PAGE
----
When Esme applied for a passport recently, it bizarrely required the date of her parents’ wedding. John would have known. But she had to ask me. And I couldn’t remember! I looked at some old photos to jog my memory. John is in Top Man and I am wearing a pink crepe wool suit I made from a Vogue 1940s inspired pattern. It had a peplum and shoulder pads and I felt wonderful. It clashed with the flock wallpaper and beige chrysanthemums provided by Register office, but I didn’t care.
Thinking laterally I uploaded the glossy Kodak prints on Facebook, and asked old friends who were there, if they could remember the date. Between us we got the year (1985) and the quarter (January to March), and guessed March, which was enough for the passport.
Then, just for fun, I tested myself on the date of my second wedding, to Nick. I knew it took place after my father had died in 2000, as he wasn’t there. I also knew the month. So I Googled it. Well I Googled the event that took place that day and found it immediately – 15 June 2002.
When Nick and I set the date I invited my friend Shirley, who laughed. She explained that the second phase of the World Cup qualifying matches would be held that day. “Don’t worry,” she said. “England have very little chance of getting through!” Although I had a vague recollection of watching the World Cup back in 1966, and the subsequent “England Winners” postage stamp, Nick and I were oblivious of the impending sporting bonanza.
We booked the local register office and sent out invitations. The Wallis sale supplied my outfit, and I made a headdress with pink tulle stitched to a cheap metal “tiara”. Nick bought six boxes of pink peonies from Covent Garden, and ten of Champagne from Sainsbury’s. Our Marks & Spencer cake was customised with pink ribbon and roses.
We got the house tidy on the Friday, stuffing washing baskets into the kids’ bedrooms and preparing most of the food. On Saturday morning I got my hair done while Nick made the salads and chilled the drinks. I asked my Chairman (a Catholic priest) if he would say a few words in the garden.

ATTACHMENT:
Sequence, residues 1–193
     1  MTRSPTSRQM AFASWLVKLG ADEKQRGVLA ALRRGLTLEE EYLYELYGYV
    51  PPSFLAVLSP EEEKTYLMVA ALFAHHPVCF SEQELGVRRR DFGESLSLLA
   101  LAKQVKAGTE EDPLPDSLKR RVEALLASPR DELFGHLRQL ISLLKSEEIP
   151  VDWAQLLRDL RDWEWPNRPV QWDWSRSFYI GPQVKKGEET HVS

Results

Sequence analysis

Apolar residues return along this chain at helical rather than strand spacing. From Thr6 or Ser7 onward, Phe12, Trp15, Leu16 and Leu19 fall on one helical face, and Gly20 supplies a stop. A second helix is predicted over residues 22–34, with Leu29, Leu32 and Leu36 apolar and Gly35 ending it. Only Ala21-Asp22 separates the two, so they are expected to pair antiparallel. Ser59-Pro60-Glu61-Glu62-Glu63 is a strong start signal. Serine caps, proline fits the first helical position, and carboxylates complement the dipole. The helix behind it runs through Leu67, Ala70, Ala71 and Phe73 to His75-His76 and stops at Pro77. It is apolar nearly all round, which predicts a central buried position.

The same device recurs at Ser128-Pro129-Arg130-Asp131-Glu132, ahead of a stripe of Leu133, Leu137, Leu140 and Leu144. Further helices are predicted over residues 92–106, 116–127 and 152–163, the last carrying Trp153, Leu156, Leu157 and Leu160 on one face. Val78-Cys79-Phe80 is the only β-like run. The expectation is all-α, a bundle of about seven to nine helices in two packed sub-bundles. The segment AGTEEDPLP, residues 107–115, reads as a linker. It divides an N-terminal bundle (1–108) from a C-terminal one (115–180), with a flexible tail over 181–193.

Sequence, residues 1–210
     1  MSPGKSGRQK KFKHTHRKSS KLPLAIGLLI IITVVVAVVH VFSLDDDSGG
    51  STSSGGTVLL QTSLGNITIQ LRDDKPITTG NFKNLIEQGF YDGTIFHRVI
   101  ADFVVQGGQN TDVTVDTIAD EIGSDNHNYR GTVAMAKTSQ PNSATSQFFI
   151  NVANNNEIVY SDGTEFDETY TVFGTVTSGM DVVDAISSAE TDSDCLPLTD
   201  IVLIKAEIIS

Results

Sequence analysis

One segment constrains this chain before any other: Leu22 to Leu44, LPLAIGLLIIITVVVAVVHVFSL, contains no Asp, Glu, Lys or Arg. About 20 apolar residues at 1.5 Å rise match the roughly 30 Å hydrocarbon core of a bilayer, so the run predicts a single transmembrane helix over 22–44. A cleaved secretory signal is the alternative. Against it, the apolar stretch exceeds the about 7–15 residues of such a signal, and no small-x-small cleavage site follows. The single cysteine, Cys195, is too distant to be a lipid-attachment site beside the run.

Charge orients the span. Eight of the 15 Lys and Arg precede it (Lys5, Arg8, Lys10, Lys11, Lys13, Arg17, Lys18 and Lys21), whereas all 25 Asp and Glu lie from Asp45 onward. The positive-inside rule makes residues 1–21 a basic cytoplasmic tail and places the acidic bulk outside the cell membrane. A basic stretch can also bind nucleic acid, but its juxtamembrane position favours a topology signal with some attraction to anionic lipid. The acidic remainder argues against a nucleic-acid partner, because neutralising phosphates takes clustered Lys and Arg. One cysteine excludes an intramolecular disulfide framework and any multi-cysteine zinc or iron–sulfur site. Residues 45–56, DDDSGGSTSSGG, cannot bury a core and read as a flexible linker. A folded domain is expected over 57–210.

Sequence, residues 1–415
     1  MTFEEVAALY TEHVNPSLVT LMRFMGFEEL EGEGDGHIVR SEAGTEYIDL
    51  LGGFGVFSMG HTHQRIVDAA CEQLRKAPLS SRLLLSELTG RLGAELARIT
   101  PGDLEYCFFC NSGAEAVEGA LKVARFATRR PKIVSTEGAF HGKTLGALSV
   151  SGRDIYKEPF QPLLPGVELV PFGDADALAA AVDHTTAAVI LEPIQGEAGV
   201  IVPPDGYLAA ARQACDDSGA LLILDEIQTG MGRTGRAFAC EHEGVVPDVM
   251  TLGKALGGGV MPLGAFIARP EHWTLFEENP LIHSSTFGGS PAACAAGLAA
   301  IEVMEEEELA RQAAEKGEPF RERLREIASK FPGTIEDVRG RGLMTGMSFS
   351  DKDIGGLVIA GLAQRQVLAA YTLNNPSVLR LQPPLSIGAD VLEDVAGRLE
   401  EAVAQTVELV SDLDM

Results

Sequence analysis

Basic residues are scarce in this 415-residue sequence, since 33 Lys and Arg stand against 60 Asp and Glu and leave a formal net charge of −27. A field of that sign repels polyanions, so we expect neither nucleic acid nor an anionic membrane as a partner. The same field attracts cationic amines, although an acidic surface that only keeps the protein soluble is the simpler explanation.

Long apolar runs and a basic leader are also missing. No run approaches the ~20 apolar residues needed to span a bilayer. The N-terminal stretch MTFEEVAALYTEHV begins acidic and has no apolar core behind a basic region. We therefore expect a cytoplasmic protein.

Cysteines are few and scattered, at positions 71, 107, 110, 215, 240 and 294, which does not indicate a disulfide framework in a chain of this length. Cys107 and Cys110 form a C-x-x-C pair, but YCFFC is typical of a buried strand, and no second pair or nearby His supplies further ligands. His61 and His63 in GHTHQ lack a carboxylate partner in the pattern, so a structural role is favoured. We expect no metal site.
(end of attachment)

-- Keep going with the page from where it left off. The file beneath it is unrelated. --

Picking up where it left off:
Then the whole family drove to Lewisham Register office for the last appointment before lunch. We arrived in plenty of time, to be greeted by the chief registrar. Discreetly she enquired if we would mind bringing forward our ceremony to11am rather than 11.30. She explained that the previous couple had postponed – due to the World Cup match. And she and her team would like to get off early, so they could watch it too.
As most of us were there, we agreed. With a stand-in witness (later substituted when the official witness arrived) we kicked off. Done by 11.30, we took a few photos and returned to the house. Nick and I started offering Champagne, and chatting to our guests, when we realised that the only people in the garden were us, our elderly friends and relatives and a couple of little girls. Where was everyone? Then Father Peter arrived and I asked him when he would be saying a prayer for us. His face lit up:
“What about half time?”
I ran upstairs to George’s bedroom, where I had shoved lots of junk and the television. And there, sheepishly grinning, squashed onto the single bed, or sitting on the floor were about 20 men, all the boys and a few Mums too.
Eventually it was half time and everyone came down for a beer, ecstatic that England had scored three goals. The sun was shining brightly and people got started on the food.
We took our chance and got everyone to gather. Father Peter kindly spoke to us all, basing his talk on 1 Corinthians 13: 4-13. Steve and Margaret, followed by Nick, made short speeches. Our oldest and youngest children, Ben and Gus (12 at the time), spoke about our family. Tears were streaming down my face, and we were buoyed up by everyone’s kindness and support.
I guess the speeches must have gone on for half an hour or more when Greg, a great friend and wonderful tenor, started to sing Amazing Grace for us. As his voice soared a huge cheer went up across all the homes in the neighbourhood. For a moment I was confused. Then we realised – full time. England has done it. A Three-Nil win against Denmark. In a way, I owe Emile Heskey my thanks for putting the game to bed by half time.
Nick and Kate 15 June 2002
Nick and I became a family with five children, but all of them were shared. We didn’t have any together. We both found step-parenting a challenge, but it all worked out well in the end.